How long to keep receipts after filing income tax


Likewise, if you sold a house, you will need documentation proving what you paid for and what you received from its sale. And if you sold a rental property, you’ll need detailed records of how much you’ve invested in the property over the years, as well as how much you’ve deducted for depreciation. It’s wise to keep Schedule E, the form you fill out each year for rental income, for as long as you own the property.

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How long to keep it

You’ve probably heard that seven years is the ideal time to keep tax records, including returns. According to Steven Packer, CPA, of Duane Morris’ tax accounting group, the actual length of record retention isn’t that straightforward.

“In most cases, tax records don’t have to be kept for seven years because there’s a three-year statute of limitations,” says Packer. “So assuming there’s no fraud or anything else wrong, the IRS can’t review your tax returns beyond that three-year status.

The statute of limitations has a few important exceptions, and if your tax return contains any of these exceptions, you will need to keep your returns and records for more than three years. For example, the statute of limitations is six years if you grossly underestimated your income. The substantial understatement threshold is 25% of your gross income. If you claim your gross income was $50,000 and it was actually $100,000, you have grossly understated your income.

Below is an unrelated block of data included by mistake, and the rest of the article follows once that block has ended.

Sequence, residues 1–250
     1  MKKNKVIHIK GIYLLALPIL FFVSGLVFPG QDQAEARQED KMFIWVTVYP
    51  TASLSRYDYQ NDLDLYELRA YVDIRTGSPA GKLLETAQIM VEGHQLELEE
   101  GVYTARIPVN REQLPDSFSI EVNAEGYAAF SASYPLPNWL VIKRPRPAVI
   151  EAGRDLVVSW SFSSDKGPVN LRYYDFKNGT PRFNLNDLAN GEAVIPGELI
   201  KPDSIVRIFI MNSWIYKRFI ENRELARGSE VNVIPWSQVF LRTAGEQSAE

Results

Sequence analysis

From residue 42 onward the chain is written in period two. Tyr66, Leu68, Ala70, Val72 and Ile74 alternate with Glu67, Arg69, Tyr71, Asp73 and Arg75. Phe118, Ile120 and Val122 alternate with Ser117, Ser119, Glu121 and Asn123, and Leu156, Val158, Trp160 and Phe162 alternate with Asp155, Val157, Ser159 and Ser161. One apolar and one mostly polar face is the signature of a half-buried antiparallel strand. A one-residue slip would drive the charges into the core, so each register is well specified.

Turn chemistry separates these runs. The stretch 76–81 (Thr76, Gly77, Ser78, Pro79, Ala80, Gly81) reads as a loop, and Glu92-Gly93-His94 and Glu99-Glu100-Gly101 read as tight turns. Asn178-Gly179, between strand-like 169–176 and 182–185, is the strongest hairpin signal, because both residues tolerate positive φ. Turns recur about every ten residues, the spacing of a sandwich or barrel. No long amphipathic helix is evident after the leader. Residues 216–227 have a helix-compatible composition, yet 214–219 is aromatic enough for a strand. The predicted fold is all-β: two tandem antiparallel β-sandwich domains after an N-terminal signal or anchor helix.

The six-year rule also applies if you have significantly overstated the cost of the property in order to minimize your taxable gain. Suppose you sold a property for $150,000 and paid $125,000 instead of the actual $50,000, the IRS has six years to take action against you. And if you missed more than $5,000 of income from an offshore account, the statute of limitations is also six years.

Keep records for seven years if you file a claim for loss of worthless securities or bad debt deduction. If you did not file a return or if you filed a fraudulent return, the IRS does not have a statute of limitations to bring charges against you.

Ownership records can be forever

When you sell a property for a profit, you will have to pay capital gains tax on that profit. Calculating your capital gain often requires you to keep your records for as long as you own your investment. You will need these records to calculate the base cost of ownership, which is the actual cost, adjusted up or down by other factors, such as major structural upgrades.

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